he’s faced criticism from Republicans. He’s performed at the March for Our Lives
gun safety rally. and he’s been outspoken when it comes to the
Trump administration’s immigration policies. Through it all, Common continues to make music. His new album, “Let Love,” accompanies his
new memoir, by the same name. He recently came by the “NewsHour” to talk
about both. Common, welcome to the “NewsHour.” COMMON: Oh, man, I love hearing that. Thank you for having me. (LAUGHTER) AMNA NAWAZ: I want to ask about your memoir
now. It’s called “Let Love Have the Last Word.” There is an accompanying album coming out
with it, too. What was it about this stage of your career,
this stage of your life that made you want to sit down and write this book? COMMON: Well, I think it’s a lot of what we
see going on in the world, like the divisiveness, the anxiety, a lot of the — including the
attacks and things. I really wanted to put — instill something
that was hopeful, instill something that could be solution-oriented, and something that has
been an antidote for me, a resource for me to overcome, you know, tough times in my life. I wanted to share with other people, because
so many of my conversations was based around anxiety, and so many of the conversations
I was having with people, and I was like, hey, you all, we can do it. We can — like, I got hope. We can do it as people, as human beings. Let’s find the common place for us and, like,
start from there. AMNA NAWAZ: It’s also a very intensely personal
book, this memoir, right? COMMON: Yes. AMNA NAWAZ: And I was reading that your daughter
actually inspired a lot of what you shared in here. Tell me about that. COMMON: Yes. Well, we had a conversation, my daughter and
I. She really challenged me as a father where
she told me places where she didn’t think I was, like, showing up as a father. And, you know, initially my emotion was, wait,
but I love you. And I was hurting, defensive, and even, with
some things, angry about some of the things she said. But somewhere during that course of the conversation,
I just looked at her and said, man, this is my daughter. Let me listen to her. I knew I wanted to write about love, but not
just romantic love. So, when that incident happened, it just gave
me like more things to talk about how it can be an action, how it can be a practice. AMNA NAWAZ: One of the other things that you
share for the first time, speaking publicly about it, was that, as a child, you suffered
a very serious trauma. COMMON: Yes. AMNA NAWAZ: You were molested when you were
9 years old. COMMON: Yes. AMNA NAWAZ: What did it take for to you get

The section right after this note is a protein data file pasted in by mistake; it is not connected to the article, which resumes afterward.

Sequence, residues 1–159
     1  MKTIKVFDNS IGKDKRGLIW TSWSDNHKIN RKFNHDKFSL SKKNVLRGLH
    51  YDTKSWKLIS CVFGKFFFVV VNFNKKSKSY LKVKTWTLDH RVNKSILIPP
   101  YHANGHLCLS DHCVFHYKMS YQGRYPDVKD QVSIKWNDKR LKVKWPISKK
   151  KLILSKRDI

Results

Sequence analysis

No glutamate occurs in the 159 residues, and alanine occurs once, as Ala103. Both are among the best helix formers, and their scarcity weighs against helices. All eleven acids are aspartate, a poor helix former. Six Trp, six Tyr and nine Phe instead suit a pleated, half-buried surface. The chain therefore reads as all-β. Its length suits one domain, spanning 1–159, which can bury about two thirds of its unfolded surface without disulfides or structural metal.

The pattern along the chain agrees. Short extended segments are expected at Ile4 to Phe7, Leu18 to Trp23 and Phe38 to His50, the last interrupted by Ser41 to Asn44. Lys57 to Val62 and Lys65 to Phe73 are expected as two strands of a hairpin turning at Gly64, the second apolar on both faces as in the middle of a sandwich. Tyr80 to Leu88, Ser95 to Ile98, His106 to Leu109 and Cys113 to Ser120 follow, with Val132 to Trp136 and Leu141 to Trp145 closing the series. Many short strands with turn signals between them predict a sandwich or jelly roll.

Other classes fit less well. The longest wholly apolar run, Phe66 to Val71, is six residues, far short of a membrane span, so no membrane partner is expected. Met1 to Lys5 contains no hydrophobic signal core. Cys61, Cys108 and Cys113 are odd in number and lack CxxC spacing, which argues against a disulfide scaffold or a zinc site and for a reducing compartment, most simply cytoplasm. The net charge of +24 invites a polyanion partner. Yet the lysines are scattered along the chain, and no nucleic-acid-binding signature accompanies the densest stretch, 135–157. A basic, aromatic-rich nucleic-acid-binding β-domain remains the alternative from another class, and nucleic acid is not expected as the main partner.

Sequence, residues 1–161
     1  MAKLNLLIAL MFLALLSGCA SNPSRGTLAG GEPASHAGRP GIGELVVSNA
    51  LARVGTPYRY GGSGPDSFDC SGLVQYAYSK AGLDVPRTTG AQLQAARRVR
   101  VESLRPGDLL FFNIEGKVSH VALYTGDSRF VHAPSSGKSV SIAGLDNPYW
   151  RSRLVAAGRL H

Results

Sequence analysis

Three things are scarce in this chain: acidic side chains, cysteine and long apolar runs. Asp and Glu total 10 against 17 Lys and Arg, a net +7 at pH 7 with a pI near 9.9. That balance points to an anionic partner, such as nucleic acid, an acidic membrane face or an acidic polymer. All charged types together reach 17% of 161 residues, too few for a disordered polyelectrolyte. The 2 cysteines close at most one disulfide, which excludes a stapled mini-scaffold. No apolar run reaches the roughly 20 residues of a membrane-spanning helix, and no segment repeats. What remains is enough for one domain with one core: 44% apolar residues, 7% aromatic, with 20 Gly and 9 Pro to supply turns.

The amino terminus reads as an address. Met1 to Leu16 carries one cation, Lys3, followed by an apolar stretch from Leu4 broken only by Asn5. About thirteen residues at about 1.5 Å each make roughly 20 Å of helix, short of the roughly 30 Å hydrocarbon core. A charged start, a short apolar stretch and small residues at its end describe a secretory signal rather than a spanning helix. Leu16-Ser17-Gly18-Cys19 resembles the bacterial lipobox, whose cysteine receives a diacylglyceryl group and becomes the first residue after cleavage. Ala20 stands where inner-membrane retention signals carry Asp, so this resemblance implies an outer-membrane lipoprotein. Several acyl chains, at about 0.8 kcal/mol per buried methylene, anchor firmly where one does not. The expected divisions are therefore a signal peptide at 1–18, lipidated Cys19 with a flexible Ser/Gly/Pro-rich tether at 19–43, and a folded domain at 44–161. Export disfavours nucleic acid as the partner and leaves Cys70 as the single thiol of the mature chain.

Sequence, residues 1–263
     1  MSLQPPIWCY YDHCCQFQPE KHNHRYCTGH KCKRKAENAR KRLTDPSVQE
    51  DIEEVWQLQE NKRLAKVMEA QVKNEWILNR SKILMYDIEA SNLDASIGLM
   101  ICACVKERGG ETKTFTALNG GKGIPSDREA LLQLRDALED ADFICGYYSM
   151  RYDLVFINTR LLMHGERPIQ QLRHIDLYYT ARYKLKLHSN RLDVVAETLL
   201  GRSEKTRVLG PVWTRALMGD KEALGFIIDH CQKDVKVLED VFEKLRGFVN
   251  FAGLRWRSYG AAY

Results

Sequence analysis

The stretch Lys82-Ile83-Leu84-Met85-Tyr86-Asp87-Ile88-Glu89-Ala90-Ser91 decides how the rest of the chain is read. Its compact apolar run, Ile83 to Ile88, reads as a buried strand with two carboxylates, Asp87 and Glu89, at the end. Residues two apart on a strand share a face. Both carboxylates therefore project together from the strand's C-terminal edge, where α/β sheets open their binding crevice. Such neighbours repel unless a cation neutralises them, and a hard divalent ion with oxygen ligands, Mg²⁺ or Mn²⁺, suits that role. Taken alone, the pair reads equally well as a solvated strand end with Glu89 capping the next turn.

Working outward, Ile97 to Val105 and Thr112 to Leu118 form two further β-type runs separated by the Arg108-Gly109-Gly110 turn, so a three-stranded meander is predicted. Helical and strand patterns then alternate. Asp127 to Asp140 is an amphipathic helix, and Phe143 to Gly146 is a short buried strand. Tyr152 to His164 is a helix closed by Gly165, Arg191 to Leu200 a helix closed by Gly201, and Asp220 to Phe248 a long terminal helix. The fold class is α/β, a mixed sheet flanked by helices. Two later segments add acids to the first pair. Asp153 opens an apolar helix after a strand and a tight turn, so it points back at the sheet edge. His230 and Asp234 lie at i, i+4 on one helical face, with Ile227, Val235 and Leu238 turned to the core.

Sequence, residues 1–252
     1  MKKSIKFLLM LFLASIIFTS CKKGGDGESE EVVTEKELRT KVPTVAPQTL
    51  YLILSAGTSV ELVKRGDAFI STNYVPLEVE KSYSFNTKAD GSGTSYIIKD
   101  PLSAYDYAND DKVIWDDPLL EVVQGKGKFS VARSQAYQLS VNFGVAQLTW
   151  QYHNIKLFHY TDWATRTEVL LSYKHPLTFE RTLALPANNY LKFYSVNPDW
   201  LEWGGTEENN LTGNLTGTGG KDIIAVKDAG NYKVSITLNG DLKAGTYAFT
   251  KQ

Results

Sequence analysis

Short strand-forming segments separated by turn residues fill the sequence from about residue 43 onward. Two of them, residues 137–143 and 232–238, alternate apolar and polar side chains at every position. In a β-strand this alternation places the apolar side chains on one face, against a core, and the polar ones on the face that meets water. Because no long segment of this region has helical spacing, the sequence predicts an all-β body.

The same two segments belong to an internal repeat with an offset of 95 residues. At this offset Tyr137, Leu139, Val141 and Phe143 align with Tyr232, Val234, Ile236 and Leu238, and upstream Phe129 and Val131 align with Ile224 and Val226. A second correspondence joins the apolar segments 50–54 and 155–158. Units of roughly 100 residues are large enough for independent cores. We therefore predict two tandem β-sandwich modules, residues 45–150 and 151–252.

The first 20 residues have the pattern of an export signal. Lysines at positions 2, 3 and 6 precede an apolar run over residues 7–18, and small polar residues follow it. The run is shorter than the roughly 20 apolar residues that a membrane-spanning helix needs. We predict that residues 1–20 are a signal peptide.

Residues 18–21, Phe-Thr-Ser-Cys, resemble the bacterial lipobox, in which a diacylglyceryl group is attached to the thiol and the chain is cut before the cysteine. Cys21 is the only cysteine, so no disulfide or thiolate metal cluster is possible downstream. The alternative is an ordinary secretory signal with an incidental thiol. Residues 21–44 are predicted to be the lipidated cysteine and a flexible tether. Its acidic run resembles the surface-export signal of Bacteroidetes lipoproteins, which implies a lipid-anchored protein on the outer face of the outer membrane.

to a place where you felt like you could talk about that? COMMON: I felt that, if I decided to talk
about it, it would be healing for me, but also healing for others, because other people
experience sexual abuse, molestation, just physical abuse. And I knew, as a black man, me talking about
it would give a gateway and an opening for other men, black people, brown people, you
know, just to be able to talk about it, because — and I bring us, you know, black people
into the equation, because, for us, in our culture, it’s not really discussed. Like, when those things happen, it’s not talked
about as much on, how do we solve this? How do we, like, stop the cycle? So I really knew that, if I told my story
and told it in a way that is really just raw and truthful, and still acknowledge that I’m
in the process, and it would allow other human beings to come out and talk about it, and
hopefully be a part of the healing, because my ultimate goal is to, how do — to stop
the cycle, yes. AMNA NAWAZ: Do you feel like you’re still
going through that healing? Where do you feel you are right now in your
personal journey? COMMON: I feel like I’m in a great place of
forgiveness. I’m still learning, like, what — how this
affected my life in different ways. And, you know, one of the things I’m learning
through the process is to be kind to myself, you know, and not just, like, judge everything
I do. When I make mistakes, or just to beat myself
down, like, I try learn from the mistakes and acknowledge where I was wrong and move
forward. Now, this is something where I wasn’t wrong,
but I still — as a human being, you hold guilt, you hold shame. And I just try to make sure I’m being loving
to myself, and in the process deal with each emotion that I have. And I think, overall, I feel like this is
bigger than me anyway. AMNA NAWAZ: You have never been afraid of
tackling the tough stuff in your career, whether it’s about your own personal journeys. You mentioned your criminal justice reform
work. You tweet a lot about immigration detention. You were tweeting about the ICE raids recently
and injustices that you see going on around you. Where does that come from? Do you feel, like, a sense of responsibility
to pay attention and be engaged? COMMON: Yes, I think — you know, I grew up
on the South Side of Chicago, a community which I really love. And that community is like many other communities
that suffer from being marginalized, being treated less than, having lack of opportunities
and resources. So, when I see somebody being pushed down,
I just relate to it, and I don’t like it, meaning, like, when I see what’s going on
with the people that’s trying to get into in the country and families being separated,
it’s just — it’s not fair life. It’s not good humanity to other people. So I have to speak up. It’s my duty as a human being, as an artist,
and not only speaking now. To me, my speaking has to become action, and
that’s what I’m in — more involved in. Like, I have Imagine Justice. That’s why I went to the prisons. That’s the organization I’m a part of, where